The benefit of learning through a hobby is a super focused distraction. But sometimes I don’t want to be focused or emotional. I just want an escape from the daily grind. Which is the third purpose of hobbies. 


Sometimes I just want to check out and follow instructions for a hobby or just connect with others about the common interest we have.

This summer Bixby, Daughter and I attended a glass blowing demo where the artist led us through how to do it ourselves. I was not learning it, just doing what George Anne told me to do. The result was beautiful hummingbird feeders. 

I have returned to making sweet potato bread more weekends than not. Now that I have the pan and oven situation sorted, it is back to being a fun hobby. I am following the instructions, puttering around the kitchen – often while Bixby is making dinner, and connecting with what I eat (vs. opening a package).

As I write this I am seeing that all three of these categories are feeding into a fourth purpose of hobbies that might potentially be the most important.


“You can discover more about a person in an hour of play than in a year of conversation.” Plato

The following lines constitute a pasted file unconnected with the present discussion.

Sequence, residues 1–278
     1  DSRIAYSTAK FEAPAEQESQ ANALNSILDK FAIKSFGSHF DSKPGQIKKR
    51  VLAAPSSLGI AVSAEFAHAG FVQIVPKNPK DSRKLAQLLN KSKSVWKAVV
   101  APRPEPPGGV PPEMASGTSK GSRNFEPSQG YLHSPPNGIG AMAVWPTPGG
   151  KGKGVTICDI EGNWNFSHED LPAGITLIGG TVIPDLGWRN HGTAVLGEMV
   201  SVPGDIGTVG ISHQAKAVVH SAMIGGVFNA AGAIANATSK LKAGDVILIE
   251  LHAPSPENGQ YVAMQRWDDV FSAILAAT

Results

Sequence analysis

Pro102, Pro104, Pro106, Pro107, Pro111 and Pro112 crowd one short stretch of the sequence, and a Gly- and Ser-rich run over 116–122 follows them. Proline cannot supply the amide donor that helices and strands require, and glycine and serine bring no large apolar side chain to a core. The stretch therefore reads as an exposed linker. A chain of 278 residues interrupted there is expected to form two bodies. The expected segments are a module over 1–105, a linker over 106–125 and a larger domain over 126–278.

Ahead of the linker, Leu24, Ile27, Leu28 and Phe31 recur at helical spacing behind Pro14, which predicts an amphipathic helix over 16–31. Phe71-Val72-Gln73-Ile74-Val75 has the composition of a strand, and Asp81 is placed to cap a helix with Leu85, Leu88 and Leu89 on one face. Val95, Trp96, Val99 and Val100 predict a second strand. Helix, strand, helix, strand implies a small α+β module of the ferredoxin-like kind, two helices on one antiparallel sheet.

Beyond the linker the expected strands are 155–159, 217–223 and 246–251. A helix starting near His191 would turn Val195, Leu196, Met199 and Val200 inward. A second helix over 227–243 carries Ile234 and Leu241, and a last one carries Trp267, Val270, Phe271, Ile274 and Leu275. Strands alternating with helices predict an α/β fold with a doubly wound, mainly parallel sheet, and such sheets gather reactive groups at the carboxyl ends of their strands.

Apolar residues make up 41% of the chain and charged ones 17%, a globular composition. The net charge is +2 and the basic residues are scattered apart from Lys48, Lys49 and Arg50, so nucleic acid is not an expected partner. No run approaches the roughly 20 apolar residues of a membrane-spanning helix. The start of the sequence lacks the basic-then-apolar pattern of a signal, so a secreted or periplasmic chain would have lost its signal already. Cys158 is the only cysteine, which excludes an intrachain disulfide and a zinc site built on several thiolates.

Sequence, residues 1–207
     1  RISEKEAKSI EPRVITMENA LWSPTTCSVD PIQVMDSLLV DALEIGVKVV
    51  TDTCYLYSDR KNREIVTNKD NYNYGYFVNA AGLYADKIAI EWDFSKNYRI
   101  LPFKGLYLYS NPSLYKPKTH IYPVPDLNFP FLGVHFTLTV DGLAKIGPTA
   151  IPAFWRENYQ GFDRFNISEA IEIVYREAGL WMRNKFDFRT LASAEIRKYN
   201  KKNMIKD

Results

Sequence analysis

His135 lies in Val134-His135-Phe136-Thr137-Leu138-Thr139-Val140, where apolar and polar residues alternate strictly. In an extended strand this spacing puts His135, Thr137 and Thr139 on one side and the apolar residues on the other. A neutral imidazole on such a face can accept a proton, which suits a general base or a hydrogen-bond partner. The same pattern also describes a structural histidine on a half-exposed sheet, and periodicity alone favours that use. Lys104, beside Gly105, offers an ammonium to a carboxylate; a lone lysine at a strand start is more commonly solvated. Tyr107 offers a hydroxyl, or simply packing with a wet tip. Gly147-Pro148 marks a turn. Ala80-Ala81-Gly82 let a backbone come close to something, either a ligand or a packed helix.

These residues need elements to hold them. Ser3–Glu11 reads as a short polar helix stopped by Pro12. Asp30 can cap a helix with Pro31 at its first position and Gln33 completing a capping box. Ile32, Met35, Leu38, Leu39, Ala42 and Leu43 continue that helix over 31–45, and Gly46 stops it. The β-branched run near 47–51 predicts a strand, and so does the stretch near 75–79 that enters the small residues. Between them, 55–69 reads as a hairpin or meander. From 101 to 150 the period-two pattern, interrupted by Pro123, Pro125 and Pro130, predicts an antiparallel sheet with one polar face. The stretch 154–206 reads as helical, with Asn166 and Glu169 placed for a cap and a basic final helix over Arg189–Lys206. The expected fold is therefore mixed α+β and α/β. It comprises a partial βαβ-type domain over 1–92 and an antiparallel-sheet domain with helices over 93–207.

Connection with others is an untended purpose of hobbies for me. I love to anyone who will listen how much I don’t need other people.

And yet.

Authentic connection with others is what helps me – and I would suggest all of us – create a life that we don’t want to numb out and escape from. 

If we look at the first three categories of purpose of hobbies – solace, learning, escapism – there is a thread of connection. 

  • Solace – I am feeling my feelings about my kids and dad. Connection comes through art projects for the kids from my dad’s ties.
  • Learning – Connecting with others who share my interests.
  • Escapism – Sure sometimes I might make the bread alone in the kitchen. But what makes a stronger impression is when I share the space with Bixby or have a recipient in mind for the bread. 

Sustainable You Questions

  1. What hobbies do you keep coming back to time and again?
  2. Look beyond the surface – what are you getting out of these hobbies? What is the purpose of the hobbies?
  3. How can you increase or extend this in other areas of your life?

      If this weekly essay resonated with you, please share it with a friend. I am trying to grow Sustainable Sue and spread the ideas of Sustainable Productivity. The best way to do that is for you to share with someone you know. I am ever grateful.

      By |2022-11-08T10:07:19-05:00November 15th, 2022|Mental Well-being|0 Comments

      Inconvenience as Sustainable Productivity

      People often think that as a productivity coach I offer hacks, tips, and tricks to get more done.